Hayden Williams and Paul Ostetinsky met in school, where they shared a bunk-bed as roommates at Vanderbilt college.
After graduation, they both went into finance, scoring lucrative jobs on Wall Street. But neither found investment banking fulfilling, despite the new BMWs or marble countertops they could now afford.
Williams and Ostetinsky wanted to explore other career options, but they really only had other finance people in their networks to talk to. There was no easy way to meet other professionals in real life for casual conversations about their jobs. So they decided to build one.
In 2012, they both quit their jobs. Ten years from when they first became best friends, the two were back in bunk-beds again, cramming into a tiny New York City apartment. Instead of wasting money on a coworking space, they became Friends of the New York University library and started building a company from scratch while surrounded by college students (who Williams swears he catches giving them passive-aggressive looks).
And so Treatings began. The startup’s tagline is “meet inspiring people over coffee” and it aims to help people connect with others willing to talk about their careers in real life. Users who sign-up list their professional interests and a selection of coffee shops where they’d be willing to meet. Then, they can scroll through the profiles of people with similar interests.
“What we’re doing is all about context,” Williams says. “Everyone you find on Treatings is on there to meet new people.”
LinkedIn is good at connecting with professionals you know. Networking events are great for meeting like-minded people in big groups. Treatings combines aspects of both to allow one-on-one professional connections to blossom in real life.
Williams and Ostetinsky knew next to nothing about building a technology company, so they started teaching themselves everything. Treatings was desktop-only until last Wednesday, when the founders launched their first app. The friends completely bootstrapped their efforts — burning through their ample savings from their investment banking days — until earlier this year when nailed down $US250,000 in angel investment. They’re going to use the money to hire their first outside employee to help make Treatings’ iPhone app even better.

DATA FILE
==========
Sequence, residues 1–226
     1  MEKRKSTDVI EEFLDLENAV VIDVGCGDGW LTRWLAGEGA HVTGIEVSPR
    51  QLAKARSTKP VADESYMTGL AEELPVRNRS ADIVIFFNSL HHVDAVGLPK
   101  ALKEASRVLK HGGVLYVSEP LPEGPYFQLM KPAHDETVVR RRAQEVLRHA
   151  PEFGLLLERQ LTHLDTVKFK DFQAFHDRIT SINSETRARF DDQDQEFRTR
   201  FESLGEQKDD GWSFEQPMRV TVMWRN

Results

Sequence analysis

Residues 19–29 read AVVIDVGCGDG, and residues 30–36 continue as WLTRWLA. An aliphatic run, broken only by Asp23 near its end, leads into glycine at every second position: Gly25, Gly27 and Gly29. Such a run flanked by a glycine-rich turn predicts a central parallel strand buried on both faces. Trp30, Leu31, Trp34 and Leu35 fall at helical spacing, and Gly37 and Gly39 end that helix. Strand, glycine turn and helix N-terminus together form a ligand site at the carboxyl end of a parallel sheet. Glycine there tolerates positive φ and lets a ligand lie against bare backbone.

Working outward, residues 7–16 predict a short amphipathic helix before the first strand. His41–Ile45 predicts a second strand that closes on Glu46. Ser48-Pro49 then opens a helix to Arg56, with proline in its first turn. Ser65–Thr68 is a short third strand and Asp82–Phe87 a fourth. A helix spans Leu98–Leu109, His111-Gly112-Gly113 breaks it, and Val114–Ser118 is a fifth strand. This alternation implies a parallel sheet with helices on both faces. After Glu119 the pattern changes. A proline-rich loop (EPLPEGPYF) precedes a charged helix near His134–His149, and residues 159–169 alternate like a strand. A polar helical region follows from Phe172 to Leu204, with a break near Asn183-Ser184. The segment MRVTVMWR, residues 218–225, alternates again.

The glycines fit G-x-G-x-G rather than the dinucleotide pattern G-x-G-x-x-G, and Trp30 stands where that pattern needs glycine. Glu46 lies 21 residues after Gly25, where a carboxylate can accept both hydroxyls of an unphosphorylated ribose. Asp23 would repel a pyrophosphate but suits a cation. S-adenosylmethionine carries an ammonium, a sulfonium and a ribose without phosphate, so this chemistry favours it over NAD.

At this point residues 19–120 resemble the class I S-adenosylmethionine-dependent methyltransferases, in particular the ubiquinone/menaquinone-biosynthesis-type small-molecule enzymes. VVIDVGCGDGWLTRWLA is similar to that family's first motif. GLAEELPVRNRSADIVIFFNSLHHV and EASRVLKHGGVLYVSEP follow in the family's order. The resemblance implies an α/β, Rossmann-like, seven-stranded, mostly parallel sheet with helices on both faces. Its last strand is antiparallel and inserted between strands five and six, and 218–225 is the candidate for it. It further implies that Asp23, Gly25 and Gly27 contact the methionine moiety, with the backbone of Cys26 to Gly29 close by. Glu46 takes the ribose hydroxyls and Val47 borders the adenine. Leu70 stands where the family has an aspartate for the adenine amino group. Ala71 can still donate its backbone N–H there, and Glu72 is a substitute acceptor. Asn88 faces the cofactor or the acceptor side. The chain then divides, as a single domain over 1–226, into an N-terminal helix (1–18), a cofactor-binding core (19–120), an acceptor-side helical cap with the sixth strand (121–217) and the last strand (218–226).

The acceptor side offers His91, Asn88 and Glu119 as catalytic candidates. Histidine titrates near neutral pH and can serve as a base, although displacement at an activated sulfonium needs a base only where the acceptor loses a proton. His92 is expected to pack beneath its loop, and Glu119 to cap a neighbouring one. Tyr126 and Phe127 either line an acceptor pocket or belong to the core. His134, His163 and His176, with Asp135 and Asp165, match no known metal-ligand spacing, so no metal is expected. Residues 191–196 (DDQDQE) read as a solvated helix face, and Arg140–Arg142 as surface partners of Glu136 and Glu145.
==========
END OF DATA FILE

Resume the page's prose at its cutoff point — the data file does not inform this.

Williams says that the process has been filled with the highest-highs — like when an early Treatings users scored a job at Deutsche Bank thanks to a connection made through the site. And of course the the lowest-lows, too — besides the all the struggles you’d imagine would come from sleeping in a bunk bed in your late-20s with a friend you spend nearly all day with, they got hit hard last summer when a developer they had spent months vetting ended up deciding not to leave his old job.
Right now, they’re focused on growing the community (which has 6,000 members so far). Although Treatings doesn’t make any revenue yet (which Williams jokes makes tax season incredibly easy), they plan to monetise by forming partnerships with organisations that want to connect their members for mutually beneficial coffee meetings.
There’s still a lot of work ahead, but Williams’ life is a lot less glamorous than it used to be, but he wouldn’t go back.
“The time is perfect for an app like this,” he says. “People are ready to go online to message strangers to meet offline. They’re more and more used to using technology to expand their social network, so it seemed like the time was right for the professional equivalent. “
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